The chairman of Taiwan’s Foxconn, assembler of Apple’s iPhones, said on Monday he plans to step down in the coming months as he wants to pave the way for younger talent to move up the ranks of the world’s largest contract manufacturer. Terry Gou, speaking on the sidelines of an event in Taipei, said that while he planned to resign as chairman, he hoped to remain involved in strategic decisions regarding the company’s business.
When asked by Reuters if he would quit as chairman, Gou said he was moving in that direction, although any decision needed to be discussed with the company’s board.
“I don’t know where you got the information from. But I have to say, basically, I’m working towards that direction – to walk back to the second line, or retire … I have been busy for 45 years. I should hand it over to young people,” Gou said. “I will be involved in the major direction of the company, but not involved in daily operation. “I’m already 69 years old. I can pass down my 45 years of experience. That’s the goal I set up – to let young people learn sooner and take over sooner and to replace my position sooner.”
Gou said his plans would be discussed with the board of Foxconn, formally known as Hon Hai Precision Industry Co Ltd, in the coming months.
“Initially, we will tell the shareholders in the AGM in June. In the board meeting in between April-May we will give the new list of board members to the board,” Gou said.
A source with knowledge of the matter told Reuters that Lu Sung-Ching, the chairman of Foxconn Interconnect Technology Ltd, the electronic and optoelectronic connectors unit of Foxconn, was among the possible candidates to take over from Gou.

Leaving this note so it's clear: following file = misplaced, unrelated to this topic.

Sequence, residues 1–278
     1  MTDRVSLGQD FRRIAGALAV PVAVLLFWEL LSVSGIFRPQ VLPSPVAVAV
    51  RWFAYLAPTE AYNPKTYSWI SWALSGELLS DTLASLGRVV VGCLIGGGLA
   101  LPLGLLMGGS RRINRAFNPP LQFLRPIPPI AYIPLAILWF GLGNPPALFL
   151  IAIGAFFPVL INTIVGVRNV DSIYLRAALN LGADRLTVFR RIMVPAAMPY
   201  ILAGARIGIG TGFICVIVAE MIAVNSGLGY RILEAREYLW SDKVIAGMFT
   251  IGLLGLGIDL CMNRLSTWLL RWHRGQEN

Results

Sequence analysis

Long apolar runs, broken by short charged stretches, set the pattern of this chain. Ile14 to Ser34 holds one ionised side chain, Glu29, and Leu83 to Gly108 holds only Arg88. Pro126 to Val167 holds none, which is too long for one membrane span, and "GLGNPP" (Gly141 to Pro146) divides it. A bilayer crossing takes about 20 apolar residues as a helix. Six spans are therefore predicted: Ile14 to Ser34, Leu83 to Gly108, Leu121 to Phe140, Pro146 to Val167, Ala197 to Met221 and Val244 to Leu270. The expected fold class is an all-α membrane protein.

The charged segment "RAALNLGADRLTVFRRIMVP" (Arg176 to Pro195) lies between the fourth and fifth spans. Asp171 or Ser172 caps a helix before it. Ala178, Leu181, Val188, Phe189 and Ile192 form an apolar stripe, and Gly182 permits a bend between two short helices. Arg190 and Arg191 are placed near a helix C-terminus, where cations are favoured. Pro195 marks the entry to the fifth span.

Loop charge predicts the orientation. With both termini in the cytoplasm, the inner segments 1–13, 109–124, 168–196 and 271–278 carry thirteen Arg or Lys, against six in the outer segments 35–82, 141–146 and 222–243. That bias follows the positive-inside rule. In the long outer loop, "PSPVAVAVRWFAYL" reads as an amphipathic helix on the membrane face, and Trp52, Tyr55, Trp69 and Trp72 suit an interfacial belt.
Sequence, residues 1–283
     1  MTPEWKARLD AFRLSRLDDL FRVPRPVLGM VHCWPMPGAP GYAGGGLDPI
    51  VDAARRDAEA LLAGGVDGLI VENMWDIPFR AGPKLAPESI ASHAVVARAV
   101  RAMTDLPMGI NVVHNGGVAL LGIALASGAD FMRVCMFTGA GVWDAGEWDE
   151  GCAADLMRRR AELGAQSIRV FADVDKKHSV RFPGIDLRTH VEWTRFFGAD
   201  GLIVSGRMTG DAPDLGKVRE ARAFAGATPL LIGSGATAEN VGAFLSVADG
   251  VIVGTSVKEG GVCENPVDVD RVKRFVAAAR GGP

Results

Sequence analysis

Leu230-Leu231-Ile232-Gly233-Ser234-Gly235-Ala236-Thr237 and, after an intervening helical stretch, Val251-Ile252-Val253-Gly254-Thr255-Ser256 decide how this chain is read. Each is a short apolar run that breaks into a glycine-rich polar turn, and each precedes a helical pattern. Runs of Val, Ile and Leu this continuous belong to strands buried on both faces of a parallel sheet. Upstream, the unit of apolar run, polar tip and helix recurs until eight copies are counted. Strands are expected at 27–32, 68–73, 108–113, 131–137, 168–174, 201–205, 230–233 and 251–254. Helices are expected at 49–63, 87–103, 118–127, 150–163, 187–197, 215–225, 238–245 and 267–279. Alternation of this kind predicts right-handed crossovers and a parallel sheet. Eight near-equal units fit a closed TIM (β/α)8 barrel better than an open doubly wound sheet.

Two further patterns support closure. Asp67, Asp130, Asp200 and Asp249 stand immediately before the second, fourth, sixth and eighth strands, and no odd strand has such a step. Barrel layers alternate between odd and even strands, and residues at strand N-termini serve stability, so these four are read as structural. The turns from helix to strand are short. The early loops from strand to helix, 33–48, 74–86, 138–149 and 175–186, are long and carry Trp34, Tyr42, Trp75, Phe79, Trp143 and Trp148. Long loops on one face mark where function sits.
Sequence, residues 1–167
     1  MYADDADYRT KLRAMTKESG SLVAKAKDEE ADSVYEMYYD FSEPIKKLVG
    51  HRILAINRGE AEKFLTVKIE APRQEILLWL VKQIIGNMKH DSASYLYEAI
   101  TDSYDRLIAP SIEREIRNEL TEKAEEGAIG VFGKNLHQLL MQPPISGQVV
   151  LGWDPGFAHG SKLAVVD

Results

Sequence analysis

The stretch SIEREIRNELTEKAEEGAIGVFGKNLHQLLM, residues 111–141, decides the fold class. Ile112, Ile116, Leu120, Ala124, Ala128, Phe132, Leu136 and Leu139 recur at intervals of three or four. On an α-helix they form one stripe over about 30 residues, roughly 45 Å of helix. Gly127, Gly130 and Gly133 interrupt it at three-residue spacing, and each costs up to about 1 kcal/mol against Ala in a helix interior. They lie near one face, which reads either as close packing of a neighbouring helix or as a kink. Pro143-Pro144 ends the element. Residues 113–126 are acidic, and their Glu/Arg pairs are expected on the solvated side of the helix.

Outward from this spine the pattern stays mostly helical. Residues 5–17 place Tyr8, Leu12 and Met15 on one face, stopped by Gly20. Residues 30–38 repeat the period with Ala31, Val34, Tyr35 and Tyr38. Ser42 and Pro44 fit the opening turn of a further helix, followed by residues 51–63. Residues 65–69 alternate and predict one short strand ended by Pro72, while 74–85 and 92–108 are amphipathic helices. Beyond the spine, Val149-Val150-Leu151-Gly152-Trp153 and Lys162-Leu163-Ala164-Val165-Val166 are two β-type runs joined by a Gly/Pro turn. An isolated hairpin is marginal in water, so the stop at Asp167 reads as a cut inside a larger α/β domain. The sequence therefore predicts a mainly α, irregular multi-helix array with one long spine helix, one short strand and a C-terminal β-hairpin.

“It doesn’t mean he will just be gone. He will remove himself to the second line and he would not be involved in the daily operations,” the source said.
Foxconn’s shares rose after the news and closed 3.2 per cent higher on Monday. Founded in 1974, the Foxconn group has grown to become the world’s biggest contract manufacturer with T$5.2 trillion ($168.52 billion) in annual revenue, assembling goods for Apple, SoftBank Group Corp and other global tech firms.
Last month, Foxconn reported a smaller than expected fall in quarterly profit, despite warning signs from key customers including Apple that demand for tech electronics was softening. The news comes three months after Reuters reported Foxconn was reconsidering plans to make advanced liquid crystal display panels at a $10 billion Wisconsin campus.